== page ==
Taking A Bite Of The Global Dental Market
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With the silver price and foreign exchange rates working in its favour, and potentially a major improvement in competitiveness at hand in its Brazilian operation, SDI looks to be well-positioned for further growth.
One of Australia’s most successful manufacturing exporters is a company of which not many people have heard. But SDI Limited (SDI) sells its products to more than 110 countries, exporting more than 90% of what it makes, through its own subsidiaries and overseas distributors.
SDI is a world leader in specialist dental materials. Founded in Melbourne in 1972, and listed on the stock exchange in 1985, SDI makes and sells high-quality alloy amalgam fillings, adhesives, composites, sealants, cements, tooth whitening products, etchants and equipment, from its fully integrated Bayswater factory, which incorporates everything from a metals foundry to high-end glass and plastics proprietary design and manufacturing operations.
About 45% of sales are dental amalgams (metal alloy fillings), 21% whitening products, 25% aesthetic products, and 9% small dental equipment. (Behind the Perth Mint, SDI is the largest silver user in Australia.) Another way of slicing the mix of sales is 69% restorative dentistry, 22% preventive, and 9% equipment.
In the developed world, amalgam use is declining, as plastics and glass ionomers become the filling material of choice – indeed, in western markets, there are ‘mercury-free dentistry’ movements (mercury is a component of virtually all amalgam fillings.) SDI does attract criticism from these sources, but the company is at the very forefront of dental materials technology. In recent years SDI has moved its R&D focus to developing new and improved aesthetic products to increase its overall sales mix of these products, as amalgam products have a substantial silver raw material costs.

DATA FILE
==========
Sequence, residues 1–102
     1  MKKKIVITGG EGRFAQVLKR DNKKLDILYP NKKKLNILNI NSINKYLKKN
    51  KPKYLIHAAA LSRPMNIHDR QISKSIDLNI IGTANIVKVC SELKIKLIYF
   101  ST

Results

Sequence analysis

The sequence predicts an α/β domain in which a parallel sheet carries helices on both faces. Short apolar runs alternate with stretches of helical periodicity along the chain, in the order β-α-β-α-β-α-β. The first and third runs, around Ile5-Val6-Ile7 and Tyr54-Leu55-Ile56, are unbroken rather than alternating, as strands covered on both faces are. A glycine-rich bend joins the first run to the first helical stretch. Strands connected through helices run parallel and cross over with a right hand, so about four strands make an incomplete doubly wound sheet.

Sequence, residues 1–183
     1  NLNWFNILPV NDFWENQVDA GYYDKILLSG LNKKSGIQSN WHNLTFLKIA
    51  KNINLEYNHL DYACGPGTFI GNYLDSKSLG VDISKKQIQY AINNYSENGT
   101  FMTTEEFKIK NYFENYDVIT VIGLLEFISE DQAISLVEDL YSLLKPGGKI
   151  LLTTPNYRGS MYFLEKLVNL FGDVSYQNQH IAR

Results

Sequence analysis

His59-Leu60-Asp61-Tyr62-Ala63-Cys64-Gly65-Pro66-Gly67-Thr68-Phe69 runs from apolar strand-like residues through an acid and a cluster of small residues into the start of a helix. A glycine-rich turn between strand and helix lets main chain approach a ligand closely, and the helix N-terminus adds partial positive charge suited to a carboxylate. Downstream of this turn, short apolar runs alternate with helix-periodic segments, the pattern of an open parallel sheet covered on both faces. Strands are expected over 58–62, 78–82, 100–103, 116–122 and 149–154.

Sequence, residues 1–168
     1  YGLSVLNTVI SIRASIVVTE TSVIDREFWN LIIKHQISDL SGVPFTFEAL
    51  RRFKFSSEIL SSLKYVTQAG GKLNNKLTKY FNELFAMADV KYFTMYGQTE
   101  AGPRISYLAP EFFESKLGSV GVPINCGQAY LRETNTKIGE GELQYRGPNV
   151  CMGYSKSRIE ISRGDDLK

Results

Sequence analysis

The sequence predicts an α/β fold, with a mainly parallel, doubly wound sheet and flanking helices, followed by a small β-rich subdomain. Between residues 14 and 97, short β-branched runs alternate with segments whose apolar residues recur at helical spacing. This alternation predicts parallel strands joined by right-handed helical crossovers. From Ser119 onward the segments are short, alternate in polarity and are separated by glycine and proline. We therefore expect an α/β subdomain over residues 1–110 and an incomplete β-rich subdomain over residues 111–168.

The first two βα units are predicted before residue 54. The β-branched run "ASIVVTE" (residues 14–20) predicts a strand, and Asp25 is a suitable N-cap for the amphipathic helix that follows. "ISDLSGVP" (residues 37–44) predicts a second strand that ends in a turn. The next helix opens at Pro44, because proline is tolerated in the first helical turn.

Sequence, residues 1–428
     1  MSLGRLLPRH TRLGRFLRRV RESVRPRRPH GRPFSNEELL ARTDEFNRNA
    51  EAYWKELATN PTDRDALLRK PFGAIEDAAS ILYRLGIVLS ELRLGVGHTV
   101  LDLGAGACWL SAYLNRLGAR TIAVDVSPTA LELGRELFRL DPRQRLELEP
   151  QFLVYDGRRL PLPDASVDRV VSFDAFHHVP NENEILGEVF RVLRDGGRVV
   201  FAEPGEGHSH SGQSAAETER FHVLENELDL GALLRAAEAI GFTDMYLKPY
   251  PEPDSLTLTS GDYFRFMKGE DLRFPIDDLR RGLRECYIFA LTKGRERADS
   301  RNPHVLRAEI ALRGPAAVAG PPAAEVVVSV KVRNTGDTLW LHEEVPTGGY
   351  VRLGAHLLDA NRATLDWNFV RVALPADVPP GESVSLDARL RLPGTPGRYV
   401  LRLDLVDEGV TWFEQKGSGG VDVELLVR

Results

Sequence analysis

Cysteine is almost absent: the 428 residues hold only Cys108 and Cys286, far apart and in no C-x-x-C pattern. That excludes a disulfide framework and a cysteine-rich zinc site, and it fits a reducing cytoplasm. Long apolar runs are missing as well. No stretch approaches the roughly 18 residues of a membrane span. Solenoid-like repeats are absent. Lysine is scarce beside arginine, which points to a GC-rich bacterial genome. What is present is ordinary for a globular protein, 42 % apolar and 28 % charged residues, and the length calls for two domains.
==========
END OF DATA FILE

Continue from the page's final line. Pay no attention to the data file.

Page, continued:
It has a portfolio of strong brands within the industry, including:
• Riva: glass ionomer restorative cement;
• Aura: a new composite material that gives dentists a simple way to ‘shade match’ restorations;
• Pola: a tooth whitening system; and
• Radii: a range of hand-held LED lights for quick ‘curing,’ or hardening of plastic fillings.
SDI ploughs about 3% of annual sales revenue back into research and development, intending to launch one new product a year, on average, as well as investing continually in enhancing its existing product range. A good example is Aura, which was launched in January/February in Australia, with a launch into overseas markets scheduled for April.
The company says the global restorative market is a US$3 billion market – it currently has less than 2% of this market. And the market in the emerging economies is only just taking off. In the emerging markets, where governments, health authorities and individuals are only just embarking on dental health campaigns, amalgam will be a major part of treatment, giving its relative cheapness and long-lasting (40 years-plus) properties.
SDI has offices, warehouses and packing operations in Australia, the USA, Brazil, Germany and Ireland. It has completed its first offshore factory, in Brazil, which will allow it to finish goods so as to qualify as local product: this will lessen the company’s tariff burden in Brazil and enable SDI to be much more price-competitive throughout South America.